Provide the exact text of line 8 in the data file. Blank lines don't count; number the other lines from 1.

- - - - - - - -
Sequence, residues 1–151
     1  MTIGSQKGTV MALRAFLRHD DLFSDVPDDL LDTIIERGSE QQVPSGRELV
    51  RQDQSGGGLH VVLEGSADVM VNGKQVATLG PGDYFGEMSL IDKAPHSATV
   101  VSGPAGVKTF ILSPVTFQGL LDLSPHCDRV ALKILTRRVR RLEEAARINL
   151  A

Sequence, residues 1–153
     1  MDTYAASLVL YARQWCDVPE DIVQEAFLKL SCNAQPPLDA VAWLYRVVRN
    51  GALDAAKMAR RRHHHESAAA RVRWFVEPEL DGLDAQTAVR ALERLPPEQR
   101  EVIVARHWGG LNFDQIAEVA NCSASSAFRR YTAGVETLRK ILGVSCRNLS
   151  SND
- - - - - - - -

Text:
    51  GALDAAKMAR RRHHHESAAA RVRWFVEPEL DGLDAQTAVR ALERLPPEQR